If you want people to take you seriously, whether it’s in a vlog or a simple video conference with a colleague or client, you need to have good lighting. As photographers or filmmakers we’re supposed to know this stuff. So, having bad lighting on ourselves doesn’t really set a great impression.
In this video, Jay P Morgan at The Slanted Lens takes a look at how to easily light for vlogging, or any other time you might want to point a camera at yourself for a quick video. And it doesn’t even have to cost a lot of money – or any at all.
This is a free light source that is available to most of us. And it’s really easy to do. Just turn your whole setup so that you’re facing the window, and you’ll get nice big soft light, with most of it typically coming from above you, which will produce a very pleasing and flattering light. Window light will often have a reduced effect on the background behind you, too, offering some separation.
The one thing you have to be careful of with window light, though, is that the sun moves throughout the day. So, if it’s during winter, your light isn’t going to stay still for very long, and nor will your exposure. You’ll also want to avoid direct sunlight, too, so if your window faces south, you’ll want to diffuse it with something on a sunny day.
Ringlights seem to have become the go-to for a lot of vloggers and YouTubers in the last year or two, especially makeup tutorial channels. For makeup, it makes a lot of sense. It allows the viewer to more easily see exactly what’s going on with the host’s face while they’re doing it. But a ringlight can be fantastic for anybody doing spoken pieces to the camera.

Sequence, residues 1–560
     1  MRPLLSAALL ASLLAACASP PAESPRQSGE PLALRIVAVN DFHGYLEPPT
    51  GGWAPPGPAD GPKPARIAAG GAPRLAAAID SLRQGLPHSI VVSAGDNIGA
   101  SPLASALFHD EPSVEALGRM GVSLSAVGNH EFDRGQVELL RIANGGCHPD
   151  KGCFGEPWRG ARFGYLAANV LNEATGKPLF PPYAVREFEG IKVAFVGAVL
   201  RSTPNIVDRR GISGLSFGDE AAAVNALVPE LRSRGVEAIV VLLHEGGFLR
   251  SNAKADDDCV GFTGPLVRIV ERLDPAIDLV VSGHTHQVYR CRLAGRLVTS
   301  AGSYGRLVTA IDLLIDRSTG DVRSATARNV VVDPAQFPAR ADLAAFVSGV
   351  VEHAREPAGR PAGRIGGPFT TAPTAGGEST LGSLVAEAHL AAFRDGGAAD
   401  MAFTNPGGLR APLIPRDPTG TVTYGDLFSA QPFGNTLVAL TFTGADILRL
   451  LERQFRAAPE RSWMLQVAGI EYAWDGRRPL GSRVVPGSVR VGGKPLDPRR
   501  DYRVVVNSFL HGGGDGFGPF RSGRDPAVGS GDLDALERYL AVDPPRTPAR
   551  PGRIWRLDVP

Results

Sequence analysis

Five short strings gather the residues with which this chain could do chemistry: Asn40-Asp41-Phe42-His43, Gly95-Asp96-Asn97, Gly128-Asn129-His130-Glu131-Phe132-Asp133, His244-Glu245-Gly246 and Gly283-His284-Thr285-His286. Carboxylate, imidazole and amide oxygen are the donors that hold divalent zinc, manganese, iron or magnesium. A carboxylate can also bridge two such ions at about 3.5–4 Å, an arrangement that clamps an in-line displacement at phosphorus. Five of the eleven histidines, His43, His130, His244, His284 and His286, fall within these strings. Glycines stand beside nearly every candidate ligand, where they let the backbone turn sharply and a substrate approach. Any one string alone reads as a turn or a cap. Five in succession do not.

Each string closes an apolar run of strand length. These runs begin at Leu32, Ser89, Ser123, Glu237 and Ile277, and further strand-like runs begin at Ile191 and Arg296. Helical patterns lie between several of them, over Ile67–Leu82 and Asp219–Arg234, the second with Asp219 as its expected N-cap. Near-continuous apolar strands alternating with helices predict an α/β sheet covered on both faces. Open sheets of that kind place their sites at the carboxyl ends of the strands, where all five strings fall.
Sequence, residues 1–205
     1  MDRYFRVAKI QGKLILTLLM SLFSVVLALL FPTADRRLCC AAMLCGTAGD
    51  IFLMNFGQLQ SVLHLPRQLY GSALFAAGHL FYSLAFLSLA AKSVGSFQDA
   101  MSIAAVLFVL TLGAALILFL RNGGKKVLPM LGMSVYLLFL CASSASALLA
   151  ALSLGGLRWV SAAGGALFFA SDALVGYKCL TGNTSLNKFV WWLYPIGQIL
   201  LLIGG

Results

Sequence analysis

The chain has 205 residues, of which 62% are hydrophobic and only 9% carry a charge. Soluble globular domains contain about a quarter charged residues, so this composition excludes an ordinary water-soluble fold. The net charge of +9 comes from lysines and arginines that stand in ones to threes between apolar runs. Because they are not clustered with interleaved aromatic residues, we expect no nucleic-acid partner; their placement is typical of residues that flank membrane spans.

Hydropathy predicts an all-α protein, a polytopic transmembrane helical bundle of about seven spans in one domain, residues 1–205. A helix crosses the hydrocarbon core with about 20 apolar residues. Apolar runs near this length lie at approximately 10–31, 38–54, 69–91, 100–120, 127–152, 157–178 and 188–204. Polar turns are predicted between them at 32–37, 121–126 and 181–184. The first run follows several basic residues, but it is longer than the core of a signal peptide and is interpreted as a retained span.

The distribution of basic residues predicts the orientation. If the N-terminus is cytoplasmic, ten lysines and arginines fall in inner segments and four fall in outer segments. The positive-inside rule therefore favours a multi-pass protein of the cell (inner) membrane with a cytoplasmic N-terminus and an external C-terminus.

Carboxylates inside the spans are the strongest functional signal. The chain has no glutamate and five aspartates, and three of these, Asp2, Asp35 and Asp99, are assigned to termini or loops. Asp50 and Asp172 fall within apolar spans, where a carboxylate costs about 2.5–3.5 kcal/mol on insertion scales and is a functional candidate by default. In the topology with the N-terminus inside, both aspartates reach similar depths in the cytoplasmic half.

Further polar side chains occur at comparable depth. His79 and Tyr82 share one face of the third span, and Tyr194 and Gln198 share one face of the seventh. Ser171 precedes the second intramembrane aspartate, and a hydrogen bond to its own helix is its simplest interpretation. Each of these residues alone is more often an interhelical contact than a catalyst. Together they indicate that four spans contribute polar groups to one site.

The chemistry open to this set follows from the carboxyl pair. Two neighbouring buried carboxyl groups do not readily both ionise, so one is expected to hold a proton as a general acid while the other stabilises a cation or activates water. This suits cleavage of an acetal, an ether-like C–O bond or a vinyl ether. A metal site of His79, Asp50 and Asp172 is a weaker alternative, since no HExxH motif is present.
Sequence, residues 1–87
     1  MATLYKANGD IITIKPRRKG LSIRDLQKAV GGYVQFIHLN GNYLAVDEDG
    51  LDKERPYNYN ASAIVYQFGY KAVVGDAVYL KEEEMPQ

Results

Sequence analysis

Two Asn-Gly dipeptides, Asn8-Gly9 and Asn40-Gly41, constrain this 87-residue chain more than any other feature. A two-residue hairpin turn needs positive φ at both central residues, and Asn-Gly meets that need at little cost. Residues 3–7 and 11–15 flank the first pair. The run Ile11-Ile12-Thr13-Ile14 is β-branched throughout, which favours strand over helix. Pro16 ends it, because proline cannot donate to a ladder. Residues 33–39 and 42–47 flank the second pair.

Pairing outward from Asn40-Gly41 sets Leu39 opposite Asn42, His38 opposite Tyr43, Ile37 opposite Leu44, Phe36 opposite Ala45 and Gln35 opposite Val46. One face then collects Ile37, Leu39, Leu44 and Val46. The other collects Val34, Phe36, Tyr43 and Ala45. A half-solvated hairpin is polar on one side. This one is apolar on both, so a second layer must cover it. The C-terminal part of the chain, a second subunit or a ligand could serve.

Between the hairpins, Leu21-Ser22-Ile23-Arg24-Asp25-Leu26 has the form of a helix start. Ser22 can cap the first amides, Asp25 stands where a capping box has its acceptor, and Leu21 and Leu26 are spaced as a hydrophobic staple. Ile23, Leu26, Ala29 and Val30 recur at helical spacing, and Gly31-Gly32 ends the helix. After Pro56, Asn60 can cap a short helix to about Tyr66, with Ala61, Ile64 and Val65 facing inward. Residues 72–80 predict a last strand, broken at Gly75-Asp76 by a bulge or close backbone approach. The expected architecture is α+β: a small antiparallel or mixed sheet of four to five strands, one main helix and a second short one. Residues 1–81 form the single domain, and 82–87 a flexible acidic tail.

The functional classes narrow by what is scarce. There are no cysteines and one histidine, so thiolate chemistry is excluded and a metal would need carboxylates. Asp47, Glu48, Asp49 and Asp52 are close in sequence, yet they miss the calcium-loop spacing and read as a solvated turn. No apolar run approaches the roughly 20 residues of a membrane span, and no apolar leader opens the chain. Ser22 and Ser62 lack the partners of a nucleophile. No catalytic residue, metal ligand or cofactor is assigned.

It can add a lot of great definition to the face, without really presenting any shadow. There are very subtle tonal differences as more light hits one part of the face over others, but everything is lit. The CLAR 19″ ringlight is a good choice if you’re on a budget. But going bigger is definitely better. Personally, I like to use Spekular LEDs for this sort of setup and go with either a square using a single set when I’m tight on space or an octagon using two sets for when I have a bit more room.
Bounced off a V-Flat
V-Flats are wonderful tools in the studio, but they can also be very useful for this type of application. If you don’t know what a V-Flat is, it’s essentially a big white folding reflector. You can find out more about how to use them in the studio here, and if you want to learn how to make your own, check out this post.
Bouncing a light into the V-Flat and having it reflect back on you offers a pleasing and fairly even light from either side to create a soft look that comes from slightly above (assuming you positioned your light up high). As it’s bounced and spread over a large area, though, you do lose quite a lot of power from your light.
Bouncing a ringlight
As mentioned above, bouncing a light off a V-Flat or a wall can eat a lot of power. But big ringlights can often be substantially more powerful than a little LED panel. And because you’re bouncing an already large light source, you can get a much wider and softer spread of light that’s very pleasing. You’ll also notice, again, that it’s slightly directional, coming from above, but still wraps well around the subject.
Bonus: Ringlight for Green Screen
Because the ringlight is such an even with barely discernable shadows, you can even use it to light yourself in front of a green screen – a common technique used by game streamers, if not most vloggers.
You actually want to do the opposite here of what you’d typically do with a background, and that’s bring it really close to your subject. Normally you want it far back so that you can light it separately and not have your subject cast a shadow on it. But with a ringlight, you want it close so that the light doesn’t lose too much power by the time it hits the cloth.
So, there you go, 4 simple ways you can light yourself for vlogging, video conferencing, or any other time you want to film yourself in front of the camera.